Thursday April 24 2014

Opposition have teeth but refuse to bite; they just bark loudly

By Beti Olive Kamya

The Daily Monitor of April 15 published an article titled “Muntu tells Bunyoro to press for oil rights”, in which the FDC party president Mugisha Muntu is reported to have encouraged Bunyoro to “advocate for their rights to benefit from the oil and gas found in their region”. Surely, with presidential elections barely two years away, Gen Muntu should be telling Bunyoro his own policy on sharing of resources between the central and regional governments.

Karamoja is demanding participation in management of minerals in the region. Kigezi will soon demand benefits from (gorilla) tourism. Ankole, Uganda’s food basket, should demand benefits from the food and dairy industry from the region, seeing that the food industry beats all others in revenue collection, anywhere in the world. Bugisu wants involvement in management of the world’s number one coffee brand, Arabica, in Uganda, grown only in Bugisu. Kasese has four national parks, West Nile produces most of the country’s tobacco, Busoga generates the country’s electricity, Busia / Malaba is the exit and entry point of the country’s exports and imports… indeed, each region has some unique endowment(s) from which they can claim special benefits.

If Gen Muntu were president of Uganda, would he negotiate with each region individually, and only after they have “demanded” their rights to primary ownership? I advise Muntu to formulate a national policy which he would implement if he became president. Better still, he does not even need to wait to become president, but can mobilise Ugandans right away to cause a national referendum to change the Constitution of Uganda to federalism, being the system that will provide for an equitable share of regional resources.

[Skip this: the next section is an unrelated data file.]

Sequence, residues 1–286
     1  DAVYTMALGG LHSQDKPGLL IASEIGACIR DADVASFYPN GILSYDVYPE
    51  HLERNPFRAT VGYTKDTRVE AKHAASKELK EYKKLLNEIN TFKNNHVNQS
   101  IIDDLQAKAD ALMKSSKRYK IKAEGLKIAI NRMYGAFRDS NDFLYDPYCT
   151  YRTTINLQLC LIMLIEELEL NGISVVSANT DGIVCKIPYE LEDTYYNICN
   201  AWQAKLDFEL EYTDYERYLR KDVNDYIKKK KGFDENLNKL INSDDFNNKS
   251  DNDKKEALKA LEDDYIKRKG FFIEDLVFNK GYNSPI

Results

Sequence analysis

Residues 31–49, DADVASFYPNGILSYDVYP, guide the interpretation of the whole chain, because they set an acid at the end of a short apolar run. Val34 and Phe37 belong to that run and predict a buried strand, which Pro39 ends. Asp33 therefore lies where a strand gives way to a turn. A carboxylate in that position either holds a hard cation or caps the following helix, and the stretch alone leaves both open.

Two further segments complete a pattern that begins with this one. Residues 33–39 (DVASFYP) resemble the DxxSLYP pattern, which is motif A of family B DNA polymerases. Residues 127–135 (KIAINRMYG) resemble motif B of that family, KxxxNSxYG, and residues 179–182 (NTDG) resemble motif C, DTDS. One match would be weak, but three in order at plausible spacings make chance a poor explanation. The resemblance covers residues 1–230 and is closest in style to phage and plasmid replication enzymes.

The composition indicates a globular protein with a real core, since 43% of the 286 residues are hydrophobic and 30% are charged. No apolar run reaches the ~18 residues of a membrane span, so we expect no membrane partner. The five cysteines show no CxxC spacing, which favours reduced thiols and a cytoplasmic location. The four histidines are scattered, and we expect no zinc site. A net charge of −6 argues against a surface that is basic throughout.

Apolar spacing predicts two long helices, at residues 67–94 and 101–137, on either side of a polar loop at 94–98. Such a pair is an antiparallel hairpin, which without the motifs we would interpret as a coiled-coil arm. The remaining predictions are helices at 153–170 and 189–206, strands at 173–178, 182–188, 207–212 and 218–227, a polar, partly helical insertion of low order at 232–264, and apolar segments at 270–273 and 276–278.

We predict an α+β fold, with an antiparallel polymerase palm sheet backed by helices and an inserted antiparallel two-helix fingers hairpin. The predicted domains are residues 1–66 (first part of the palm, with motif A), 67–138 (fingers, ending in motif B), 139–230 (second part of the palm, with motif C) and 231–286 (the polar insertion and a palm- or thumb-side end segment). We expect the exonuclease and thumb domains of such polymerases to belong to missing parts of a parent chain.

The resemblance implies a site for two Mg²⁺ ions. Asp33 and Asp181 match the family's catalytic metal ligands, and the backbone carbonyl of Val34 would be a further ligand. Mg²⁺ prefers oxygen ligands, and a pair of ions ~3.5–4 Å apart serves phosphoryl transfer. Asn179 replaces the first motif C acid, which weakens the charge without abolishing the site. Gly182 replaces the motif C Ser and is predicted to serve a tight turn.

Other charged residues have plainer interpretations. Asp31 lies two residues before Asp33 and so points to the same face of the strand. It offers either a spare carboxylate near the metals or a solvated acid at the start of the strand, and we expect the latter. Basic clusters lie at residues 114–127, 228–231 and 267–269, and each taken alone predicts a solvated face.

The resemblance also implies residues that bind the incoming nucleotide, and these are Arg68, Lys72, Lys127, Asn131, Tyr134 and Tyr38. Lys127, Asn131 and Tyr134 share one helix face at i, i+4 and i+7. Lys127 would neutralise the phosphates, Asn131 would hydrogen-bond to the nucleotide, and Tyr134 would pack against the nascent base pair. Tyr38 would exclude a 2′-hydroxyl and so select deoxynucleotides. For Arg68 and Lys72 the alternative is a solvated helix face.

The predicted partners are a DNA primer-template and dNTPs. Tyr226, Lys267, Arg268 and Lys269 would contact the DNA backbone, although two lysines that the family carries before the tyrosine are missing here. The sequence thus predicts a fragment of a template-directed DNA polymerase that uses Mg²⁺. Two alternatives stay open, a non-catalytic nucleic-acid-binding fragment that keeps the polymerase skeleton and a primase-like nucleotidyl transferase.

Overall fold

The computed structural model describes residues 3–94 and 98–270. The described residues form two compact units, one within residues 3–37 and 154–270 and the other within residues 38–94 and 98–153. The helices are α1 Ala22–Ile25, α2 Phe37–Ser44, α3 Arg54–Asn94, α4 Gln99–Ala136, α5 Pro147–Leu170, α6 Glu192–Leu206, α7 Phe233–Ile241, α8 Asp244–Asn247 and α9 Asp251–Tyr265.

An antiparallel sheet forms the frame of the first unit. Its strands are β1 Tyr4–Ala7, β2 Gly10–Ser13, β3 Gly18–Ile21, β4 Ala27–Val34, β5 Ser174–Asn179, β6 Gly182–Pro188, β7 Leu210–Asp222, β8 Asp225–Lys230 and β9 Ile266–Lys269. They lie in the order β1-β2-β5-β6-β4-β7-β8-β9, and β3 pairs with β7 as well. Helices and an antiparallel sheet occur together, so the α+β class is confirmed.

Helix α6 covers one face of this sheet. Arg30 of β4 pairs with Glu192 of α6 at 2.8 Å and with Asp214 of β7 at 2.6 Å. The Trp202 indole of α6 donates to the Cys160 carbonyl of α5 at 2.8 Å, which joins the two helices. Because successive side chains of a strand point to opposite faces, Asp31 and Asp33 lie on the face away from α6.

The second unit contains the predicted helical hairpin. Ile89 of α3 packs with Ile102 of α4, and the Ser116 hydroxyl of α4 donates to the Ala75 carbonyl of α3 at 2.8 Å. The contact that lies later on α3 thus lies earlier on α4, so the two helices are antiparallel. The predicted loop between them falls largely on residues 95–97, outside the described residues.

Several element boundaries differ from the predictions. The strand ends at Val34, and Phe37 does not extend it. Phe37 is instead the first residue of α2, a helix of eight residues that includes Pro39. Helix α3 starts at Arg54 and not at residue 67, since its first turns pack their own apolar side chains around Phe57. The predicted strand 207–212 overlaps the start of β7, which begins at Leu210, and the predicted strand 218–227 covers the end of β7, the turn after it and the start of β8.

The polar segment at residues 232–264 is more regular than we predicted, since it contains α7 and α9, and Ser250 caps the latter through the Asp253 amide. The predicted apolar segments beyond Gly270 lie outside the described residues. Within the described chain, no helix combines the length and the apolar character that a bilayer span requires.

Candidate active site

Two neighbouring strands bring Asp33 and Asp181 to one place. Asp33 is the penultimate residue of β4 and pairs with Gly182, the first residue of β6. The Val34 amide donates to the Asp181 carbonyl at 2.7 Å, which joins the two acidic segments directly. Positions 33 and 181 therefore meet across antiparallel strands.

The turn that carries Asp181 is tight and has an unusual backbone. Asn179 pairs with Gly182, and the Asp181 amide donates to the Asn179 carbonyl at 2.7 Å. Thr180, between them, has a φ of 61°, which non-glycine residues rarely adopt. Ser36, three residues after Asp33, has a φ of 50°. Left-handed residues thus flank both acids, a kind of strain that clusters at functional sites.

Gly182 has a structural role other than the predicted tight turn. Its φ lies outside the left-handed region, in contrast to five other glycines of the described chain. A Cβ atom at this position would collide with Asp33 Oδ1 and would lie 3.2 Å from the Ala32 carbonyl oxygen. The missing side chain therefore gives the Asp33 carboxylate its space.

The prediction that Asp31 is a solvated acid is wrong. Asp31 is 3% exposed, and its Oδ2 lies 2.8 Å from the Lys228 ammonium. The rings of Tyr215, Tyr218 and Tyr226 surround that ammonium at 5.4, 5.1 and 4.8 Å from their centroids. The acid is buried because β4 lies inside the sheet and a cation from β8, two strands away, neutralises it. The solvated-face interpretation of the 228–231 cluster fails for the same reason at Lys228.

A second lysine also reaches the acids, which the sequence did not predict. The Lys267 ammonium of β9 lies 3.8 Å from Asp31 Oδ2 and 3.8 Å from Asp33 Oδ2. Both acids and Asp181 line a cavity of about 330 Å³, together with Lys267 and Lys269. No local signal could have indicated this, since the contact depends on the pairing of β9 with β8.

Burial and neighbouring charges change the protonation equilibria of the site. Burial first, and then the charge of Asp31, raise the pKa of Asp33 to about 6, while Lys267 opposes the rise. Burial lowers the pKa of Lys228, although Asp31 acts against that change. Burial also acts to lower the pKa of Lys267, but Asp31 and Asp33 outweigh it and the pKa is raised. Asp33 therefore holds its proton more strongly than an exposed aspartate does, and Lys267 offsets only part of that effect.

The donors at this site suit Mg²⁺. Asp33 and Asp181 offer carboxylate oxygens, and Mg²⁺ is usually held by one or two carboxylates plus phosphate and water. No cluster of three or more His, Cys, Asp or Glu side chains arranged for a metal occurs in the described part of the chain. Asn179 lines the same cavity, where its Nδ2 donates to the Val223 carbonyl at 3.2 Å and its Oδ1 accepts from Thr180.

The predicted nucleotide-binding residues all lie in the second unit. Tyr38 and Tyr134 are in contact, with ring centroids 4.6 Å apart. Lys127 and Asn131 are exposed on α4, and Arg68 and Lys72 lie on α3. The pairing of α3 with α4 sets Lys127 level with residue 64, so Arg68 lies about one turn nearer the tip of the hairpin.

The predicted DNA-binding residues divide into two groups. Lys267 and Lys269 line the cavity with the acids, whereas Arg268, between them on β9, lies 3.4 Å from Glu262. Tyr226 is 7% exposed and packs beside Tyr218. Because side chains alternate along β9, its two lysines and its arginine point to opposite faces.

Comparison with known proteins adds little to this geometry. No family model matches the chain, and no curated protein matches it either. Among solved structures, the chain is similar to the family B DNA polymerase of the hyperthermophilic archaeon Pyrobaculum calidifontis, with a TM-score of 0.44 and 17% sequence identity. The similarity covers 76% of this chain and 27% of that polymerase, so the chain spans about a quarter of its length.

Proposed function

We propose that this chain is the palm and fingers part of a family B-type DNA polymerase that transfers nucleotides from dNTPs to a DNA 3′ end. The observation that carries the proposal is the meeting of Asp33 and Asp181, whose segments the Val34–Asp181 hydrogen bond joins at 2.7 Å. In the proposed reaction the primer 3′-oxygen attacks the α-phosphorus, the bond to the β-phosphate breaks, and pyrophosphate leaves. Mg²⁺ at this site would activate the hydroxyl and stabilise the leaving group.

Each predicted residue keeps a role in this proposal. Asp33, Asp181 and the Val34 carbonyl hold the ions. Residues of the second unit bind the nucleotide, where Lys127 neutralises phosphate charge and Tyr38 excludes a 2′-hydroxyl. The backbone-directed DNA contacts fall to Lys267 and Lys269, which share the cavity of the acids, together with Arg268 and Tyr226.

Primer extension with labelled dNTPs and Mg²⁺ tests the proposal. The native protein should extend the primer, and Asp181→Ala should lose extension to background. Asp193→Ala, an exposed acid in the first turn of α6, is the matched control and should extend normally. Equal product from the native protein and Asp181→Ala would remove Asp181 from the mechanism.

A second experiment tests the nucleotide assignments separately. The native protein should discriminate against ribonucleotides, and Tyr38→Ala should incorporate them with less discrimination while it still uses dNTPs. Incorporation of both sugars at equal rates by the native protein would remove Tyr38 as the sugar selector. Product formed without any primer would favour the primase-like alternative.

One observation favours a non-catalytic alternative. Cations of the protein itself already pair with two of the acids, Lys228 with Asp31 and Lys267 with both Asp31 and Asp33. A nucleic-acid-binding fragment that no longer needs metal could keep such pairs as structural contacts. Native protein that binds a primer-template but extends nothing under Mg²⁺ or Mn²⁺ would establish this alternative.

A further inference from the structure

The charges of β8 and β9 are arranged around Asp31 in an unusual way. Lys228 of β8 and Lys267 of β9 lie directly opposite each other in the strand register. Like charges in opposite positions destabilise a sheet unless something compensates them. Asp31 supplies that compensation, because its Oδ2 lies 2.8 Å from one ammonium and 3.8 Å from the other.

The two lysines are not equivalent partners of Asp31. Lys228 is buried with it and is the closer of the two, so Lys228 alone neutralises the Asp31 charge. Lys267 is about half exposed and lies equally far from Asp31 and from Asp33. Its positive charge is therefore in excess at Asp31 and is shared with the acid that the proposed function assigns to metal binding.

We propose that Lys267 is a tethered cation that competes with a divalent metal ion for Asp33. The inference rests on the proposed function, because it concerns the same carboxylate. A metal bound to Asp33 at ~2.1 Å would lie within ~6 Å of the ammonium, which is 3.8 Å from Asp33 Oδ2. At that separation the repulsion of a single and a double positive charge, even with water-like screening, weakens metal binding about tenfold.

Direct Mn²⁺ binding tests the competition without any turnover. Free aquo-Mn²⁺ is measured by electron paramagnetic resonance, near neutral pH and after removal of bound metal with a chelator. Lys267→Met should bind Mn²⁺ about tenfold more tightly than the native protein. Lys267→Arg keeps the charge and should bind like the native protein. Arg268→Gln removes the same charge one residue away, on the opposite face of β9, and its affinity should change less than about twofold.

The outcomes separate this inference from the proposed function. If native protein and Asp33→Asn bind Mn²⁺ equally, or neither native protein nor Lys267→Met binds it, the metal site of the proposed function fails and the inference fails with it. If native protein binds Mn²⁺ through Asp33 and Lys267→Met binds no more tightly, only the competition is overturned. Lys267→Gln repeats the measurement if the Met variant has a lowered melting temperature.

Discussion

It is a pity that Opposition leaders in Uganda do not appreciate the power of referenda. If they did, they would not be demanding this, fighting that and demonstrating against the other, because none of these activities have the force of law to implement desired situations. The results of referenda, on the other hand, according to Article 255(3) have the force of law and are therefore “... binding on all persons, organs, agencies and organisations in Uganda…”
If the resources being used to popularise the demand for electoral reforms were used to collect voters’ signatures to cause a national referendum on electoral reforms, we would have the reforms, but it’s unlikely that we can get them through countrywide tours. I have discussed this with most of my colleagues at the forefront of the demand for electoral reforms, but they “fear” that the referendum will be rigged; yet, they are planning for the 2016 elections, which means they probably do not appreciate the power of referenda.

The Constitution of Uganda provides only two fora where decisions binding on all people and organisations in Uganda, can be made i.e. in Parliament or through referenda; anywhere else are just talk shops. Incidentally, Parliament’s resolutions can be reversed by referenda, yet parliament has no authority to reverse the results of referenda – that’s how powerful referenda are.

Compatriots, we do not have to demand, fight, beg or demonstrate for anything, we do not even need to be in power to shape this country. We just have to evoke the constitutional mandate available to any Ugandan of voting age, under articles 1(4) and 255(1), cause referenda to be held, and make decisions on any issue and they will be binding on everybody. Surely, how much more power does one need to cause the change we desire for our country? Unfortunately, we have teeth, but refuse to bite, preferring to bark only!

Ms Kamya is the chief petitioner for a National Referendum to trim presidential powers.